Some days, homeschooling is great. The kids are happy and eager to learn, the babies are cooperative, there are easy and healthy options for meals, and we're all best friends with each other.
This ideal version is rare, but when it happens, it can be amazing! And you're on the top of the world! And you can achieve anything in life! Everything is wonderful!
Then, you have those horrible days straight out of a horror movie.
The kids wake up on the wrong side of the bed and are cranky about reading. Math problems elicit an hour-long crying session. It's ramen noodles and canned peaches (maybe) for lunch, and everyone is an enemy to each other.
Hopefully, these days are few and far between. Mostly, what I have found is that most of life, including homeschooling, falls somewhere in the middle of this continuum - some days are better (or worse) than others. And many of us look to blogs and testimonials to get encouragement, as well as to know that it's not just our family that has the occasional life-hiccup.
So, I'm going to share the following story in order to add to the (vastly prolific) homeschooling testimonials out there:
Earlier this year (as in January/February timeframe), my girls went through this phase of deciding that math worksheets (and yes, it was really just math) were the most boring things on the planet, and they really did not want to do them. So... just about everyday, one or both of them would have a meltdown about it. And when my kids throw a tantrum, they really release the Kraken. I mean, there was screaming and crying and whining and moaning for sometimes up to an hour or two. I would have to banish them to the basement (don't worry - the basement is semi-finished and has all of our books and most of their toys down there, and it's not too shabby of a place, really) because of the noise level - we still had a nap-taking one-year-old.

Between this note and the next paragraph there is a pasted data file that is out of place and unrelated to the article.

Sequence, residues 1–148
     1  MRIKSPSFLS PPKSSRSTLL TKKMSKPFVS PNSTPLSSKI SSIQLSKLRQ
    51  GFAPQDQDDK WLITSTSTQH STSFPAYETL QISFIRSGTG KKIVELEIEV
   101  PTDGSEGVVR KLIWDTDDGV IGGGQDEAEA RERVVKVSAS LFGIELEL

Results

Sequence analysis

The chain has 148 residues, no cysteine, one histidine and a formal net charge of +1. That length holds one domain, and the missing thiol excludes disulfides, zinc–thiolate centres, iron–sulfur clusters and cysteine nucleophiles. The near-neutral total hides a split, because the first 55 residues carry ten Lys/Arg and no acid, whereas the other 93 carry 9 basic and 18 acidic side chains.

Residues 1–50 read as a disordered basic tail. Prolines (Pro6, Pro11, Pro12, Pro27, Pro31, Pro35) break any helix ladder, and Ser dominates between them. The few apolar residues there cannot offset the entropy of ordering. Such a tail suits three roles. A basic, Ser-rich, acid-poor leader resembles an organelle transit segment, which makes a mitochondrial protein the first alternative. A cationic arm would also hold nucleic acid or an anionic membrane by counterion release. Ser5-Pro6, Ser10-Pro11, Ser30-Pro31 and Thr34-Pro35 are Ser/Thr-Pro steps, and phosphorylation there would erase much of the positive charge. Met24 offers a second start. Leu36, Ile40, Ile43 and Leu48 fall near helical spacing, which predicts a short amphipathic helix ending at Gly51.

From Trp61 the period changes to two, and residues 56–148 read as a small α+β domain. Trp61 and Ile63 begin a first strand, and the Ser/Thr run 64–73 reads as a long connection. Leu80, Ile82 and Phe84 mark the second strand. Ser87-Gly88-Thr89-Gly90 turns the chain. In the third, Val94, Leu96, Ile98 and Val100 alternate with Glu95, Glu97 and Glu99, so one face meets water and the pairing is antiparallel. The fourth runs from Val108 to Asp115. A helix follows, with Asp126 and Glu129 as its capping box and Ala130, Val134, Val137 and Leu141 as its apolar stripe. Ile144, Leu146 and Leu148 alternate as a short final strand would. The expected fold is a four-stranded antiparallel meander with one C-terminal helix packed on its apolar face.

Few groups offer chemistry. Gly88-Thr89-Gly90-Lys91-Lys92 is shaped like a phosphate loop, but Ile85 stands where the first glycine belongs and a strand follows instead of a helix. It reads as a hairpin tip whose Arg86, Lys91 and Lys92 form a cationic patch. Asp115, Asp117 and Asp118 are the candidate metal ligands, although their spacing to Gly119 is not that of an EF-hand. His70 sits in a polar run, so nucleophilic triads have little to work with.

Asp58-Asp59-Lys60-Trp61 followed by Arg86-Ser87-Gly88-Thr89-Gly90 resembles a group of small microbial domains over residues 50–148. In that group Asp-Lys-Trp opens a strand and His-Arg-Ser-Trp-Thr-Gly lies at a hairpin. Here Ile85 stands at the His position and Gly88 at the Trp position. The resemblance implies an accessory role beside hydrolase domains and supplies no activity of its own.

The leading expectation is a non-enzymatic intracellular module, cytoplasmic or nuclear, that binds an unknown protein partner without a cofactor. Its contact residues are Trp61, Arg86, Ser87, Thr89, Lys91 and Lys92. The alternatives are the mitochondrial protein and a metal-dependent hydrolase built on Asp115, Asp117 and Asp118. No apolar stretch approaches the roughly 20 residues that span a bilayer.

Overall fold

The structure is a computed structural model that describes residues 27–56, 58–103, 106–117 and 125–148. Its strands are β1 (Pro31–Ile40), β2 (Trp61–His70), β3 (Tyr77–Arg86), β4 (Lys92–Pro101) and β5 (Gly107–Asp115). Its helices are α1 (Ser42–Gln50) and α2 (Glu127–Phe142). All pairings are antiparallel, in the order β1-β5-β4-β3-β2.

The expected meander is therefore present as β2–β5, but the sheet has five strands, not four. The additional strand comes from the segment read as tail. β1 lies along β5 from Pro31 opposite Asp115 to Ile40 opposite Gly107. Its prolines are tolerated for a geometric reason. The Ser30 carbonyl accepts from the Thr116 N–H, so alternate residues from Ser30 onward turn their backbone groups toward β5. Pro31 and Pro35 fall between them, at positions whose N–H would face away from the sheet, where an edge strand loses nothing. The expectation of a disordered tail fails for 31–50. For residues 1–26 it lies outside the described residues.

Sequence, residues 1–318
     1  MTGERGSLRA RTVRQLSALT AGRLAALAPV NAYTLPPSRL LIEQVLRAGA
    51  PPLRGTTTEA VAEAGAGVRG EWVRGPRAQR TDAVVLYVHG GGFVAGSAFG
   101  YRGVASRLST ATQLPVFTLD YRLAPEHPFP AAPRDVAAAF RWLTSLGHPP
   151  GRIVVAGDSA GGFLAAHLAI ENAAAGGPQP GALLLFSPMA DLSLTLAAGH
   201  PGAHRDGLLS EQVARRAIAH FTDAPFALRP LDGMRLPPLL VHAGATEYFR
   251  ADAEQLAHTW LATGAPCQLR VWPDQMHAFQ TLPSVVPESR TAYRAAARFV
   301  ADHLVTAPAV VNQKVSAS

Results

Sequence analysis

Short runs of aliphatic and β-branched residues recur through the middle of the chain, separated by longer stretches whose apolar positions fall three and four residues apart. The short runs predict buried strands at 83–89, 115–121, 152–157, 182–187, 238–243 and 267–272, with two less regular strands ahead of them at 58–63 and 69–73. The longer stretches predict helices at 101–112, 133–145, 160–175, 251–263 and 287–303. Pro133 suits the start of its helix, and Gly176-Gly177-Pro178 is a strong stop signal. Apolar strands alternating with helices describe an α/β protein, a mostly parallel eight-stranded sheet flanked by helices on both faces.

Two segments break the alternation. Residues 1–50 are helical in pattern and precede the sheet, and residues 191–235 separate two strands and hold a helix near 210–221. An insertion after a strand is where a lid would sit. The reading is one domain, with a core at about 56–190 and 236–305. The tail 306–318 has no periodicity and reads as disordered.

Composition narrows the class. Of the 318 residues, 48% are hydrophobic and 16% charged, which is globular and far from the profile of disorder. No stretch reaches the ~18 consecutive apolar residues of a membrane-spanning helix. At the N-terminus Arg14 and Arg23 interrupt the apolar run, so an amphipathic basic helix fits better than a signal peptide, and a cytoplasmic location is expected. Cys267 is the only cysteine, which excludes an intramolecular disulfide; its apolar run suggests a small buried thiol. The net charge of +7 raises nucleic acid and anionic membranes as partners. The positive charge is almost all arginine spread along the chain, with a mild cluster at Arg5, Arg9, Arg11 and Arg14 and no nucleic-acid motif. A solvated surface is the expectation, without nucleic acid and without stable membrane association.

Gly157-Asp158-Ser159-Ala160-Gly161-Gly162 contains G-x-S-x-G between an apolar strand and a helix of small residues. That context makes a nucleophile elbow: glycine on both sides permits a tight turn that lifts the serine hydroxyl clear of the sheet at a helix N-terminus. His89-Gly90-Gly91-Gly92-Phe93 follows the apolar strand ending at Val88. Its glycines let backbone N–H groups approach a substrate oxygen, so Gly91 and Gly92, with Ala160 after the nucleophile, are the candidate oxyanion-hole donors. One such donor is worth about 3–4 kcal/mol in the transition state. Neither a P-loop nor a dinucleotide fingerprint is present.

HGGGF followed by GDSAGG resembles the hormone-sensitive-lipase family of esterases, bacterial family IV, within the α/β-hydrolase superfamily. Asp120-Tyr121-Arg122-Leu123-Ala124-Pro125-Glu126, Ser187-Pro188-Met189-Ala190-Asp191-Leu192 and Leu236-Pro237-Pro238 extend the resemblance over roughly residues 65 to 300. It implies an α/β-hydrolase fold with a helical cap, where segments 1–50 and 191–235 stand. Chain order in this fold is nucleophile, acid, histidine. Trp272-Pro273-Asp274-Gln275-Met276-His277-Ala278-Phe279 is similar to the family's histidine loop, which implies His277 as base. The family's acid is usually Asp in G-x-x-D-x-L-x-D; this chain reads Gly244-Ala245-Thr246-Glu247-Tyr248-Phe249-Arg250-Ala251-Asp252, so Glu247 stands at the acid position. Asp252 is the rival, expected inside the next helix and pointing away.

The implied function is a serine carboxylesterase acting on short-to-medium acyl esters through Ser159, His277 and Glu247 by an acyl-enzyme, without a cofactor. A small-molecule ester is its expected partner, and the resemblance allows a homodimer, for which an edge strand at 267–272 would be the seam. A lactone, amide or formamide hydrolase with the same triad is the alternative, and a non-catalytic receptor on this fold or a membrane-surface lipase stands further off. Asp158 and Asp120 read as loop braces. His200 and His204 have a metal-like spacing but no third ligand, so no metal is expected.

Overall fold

And before you think that, oh, maybe they couldn't do the math, it was too hard, they needed more help, it's not true. Because eventually (it may have been an hour or two later), they were somehow magically able to complete the worksheet with no help at all, probably because they finally realized that there would be no fun until it happened. Yes, my kids may be stubborn, but I do believe I am more stubborn than they are.
This went on for weeks. And it was exhausting. And irritating. And made me want to throw in the towel. My wife eventually shared this with her Mother, who offered a monetary bribe, of sorts. She sent some cash and everyday there was no crying fit, the child would get $1.00.
Think about this for a second. Getting money for doing a math sheet with no crying. These kids are LUCKY.
Well, the first one to get on board was the 6 year old. Before long she had earned $5.00, and the oldest was incensed - how could her younger sister have money when she did not? So then, she started changing her ways and eventually got herself some cash too.
So, now it seems like they have gotten out of this habit, for even though some days they still balk about doing their math work, things haven't been quite as overdramatic and insane as before.
Why share this story? Well, I can't believe that I am the only one that has to deal with stubborn, meltdown-maniac children. I'm sure many parents do, whether they homeschool or not, and I just wanted to let you poor souls know that you are not alone, and you have my deepest sympathies. But push through - eventually you'll get to the other side and things will be fantastic!
Until it's not again, which will probably be tomorrow. But in the end, this is the way I would have it because... well, they're my daughters and I love them. And I'd be willing to throw away a career or have no career whatsoever for them.
Scott Keen grew up in New York, the youngest of three children. While in law school, he realized he didn't want to be a lawyer. So he did the practical thing--he became a writer.